Her Smoke Rose Up Forever, by James Tiptree Jr.

I had never heard of this author when this collection of his short stories popped up on a "best of sci fi" list I read a couple of years ago. I bought a copy and it sat on my shelf, thick and blue, until I decided to bite the bullet and try it. What an impressive, surprising, incredible piece of work. James Tiptree Jr. was the nom de plume of Alice B. Sheldon, who started writing science fiction short stories under that name in the late 1960s. Her luminous stories soon took home awards and she developed a large, devoted fan base with whom she corresponded quite freely, despite never being seen in public. Her writing was known for its philosophical, cynically tinged hard sci fi with beautiful titles and not an inconsiderable amount of feminism. Her career remained strong after she was revealed to be a woman, but a life-long struggle with depression ended in her suicide.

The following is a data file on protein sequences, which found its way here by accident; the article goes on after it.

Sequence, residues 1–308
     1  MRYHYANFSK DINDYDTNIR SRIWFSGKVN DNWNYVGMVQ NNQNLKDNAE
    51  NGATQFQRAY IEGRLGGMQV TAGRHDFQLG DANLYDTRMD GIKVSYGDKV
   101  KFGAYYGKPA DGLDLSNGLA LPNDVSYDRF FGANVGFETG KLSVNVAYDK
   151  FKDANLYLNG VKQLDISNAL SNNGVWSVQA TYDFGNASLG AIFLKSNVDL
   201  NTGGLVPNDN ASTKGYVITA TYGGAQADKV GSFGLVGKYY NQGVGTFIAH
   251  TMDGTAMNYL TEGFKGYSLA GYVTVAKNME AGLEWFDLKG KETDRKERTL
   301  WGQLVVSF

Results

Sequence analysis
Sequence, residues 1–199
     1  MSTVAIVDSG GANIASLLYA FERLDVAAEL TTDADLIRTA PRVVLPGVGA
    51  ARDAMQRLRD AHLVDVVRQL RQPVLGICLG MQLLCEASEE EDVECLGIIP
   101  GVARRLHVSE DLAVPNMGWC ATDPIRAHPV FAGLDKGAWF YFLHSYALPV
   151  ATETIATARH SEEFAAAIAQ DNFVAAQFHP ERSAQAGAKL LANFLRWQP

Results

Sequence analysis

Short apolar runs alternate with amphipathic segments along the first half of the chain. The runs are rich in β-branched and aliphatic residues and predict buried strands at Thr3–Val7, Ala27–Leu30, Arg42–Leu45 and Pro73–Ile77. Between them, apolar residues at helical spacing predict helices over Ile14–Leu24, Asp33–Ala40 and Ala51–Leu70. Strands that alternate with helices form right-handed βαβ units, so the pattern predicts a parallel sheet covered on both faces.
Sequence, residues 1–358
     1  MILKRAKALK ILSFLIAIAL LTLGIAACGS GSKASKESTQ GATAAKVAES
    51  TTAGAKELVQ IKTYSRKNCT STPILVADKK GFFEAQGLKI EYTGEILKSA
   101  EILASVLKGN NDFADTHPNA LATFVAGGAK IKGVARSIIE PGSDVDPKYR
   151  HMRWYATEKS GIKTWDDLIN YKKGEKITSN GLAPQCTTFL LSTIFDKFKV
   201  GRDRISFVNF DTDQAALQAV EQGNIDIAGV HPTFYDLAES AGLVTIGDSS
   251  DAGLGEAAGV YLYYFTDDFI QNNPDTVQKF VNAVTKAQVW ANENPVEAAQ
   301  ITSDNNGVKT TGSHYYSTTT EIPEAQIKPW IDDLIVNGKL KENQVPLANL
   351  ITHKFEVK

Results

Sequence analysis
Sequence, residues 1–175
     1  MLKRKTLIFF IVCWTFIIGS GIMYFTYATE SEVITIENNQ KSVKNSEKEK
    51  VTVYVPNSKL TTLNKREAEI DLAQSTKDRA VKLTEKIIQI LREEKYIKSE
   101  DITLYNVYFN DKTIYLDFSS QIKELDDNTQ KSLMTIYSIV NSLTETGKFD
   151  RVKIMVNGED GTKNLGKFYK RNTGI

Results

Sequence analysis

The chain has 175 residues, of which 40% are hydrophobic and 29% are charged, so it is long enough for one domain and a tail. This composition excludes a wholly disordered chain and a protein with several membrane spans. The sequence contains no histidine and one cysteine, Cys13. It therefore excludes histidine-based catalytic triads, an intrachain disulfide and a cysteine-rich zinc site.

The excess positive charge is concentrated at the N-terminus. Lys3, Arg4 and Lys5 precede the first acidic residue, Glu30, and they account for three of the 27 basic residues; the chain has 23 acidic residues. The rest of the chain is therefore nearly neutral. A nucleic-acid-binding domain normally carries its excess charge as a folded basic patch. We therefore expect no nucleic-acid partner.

These stories are nearly indescribable. Terribly imaginative, one can easily see the influence they have had on future science fiction writers. I was reminded of "Station Eleven" at the very first story, "The Last Flight of Doctor Ain." Her writing is almost too good to bear; paragraphs of solid, wrenching emotion pull strenuously at the heart and soul and you are almost too afraid to read on while simultaneously devouring every page as quickly as possible. Tiptree's cynicism towards humanity, especially men, is laid bare on the page, the inevitable nature of our animal spirits striving vainly to reach some sort of greater height but always falling just short. What an incredible talent, what an amazing writer.


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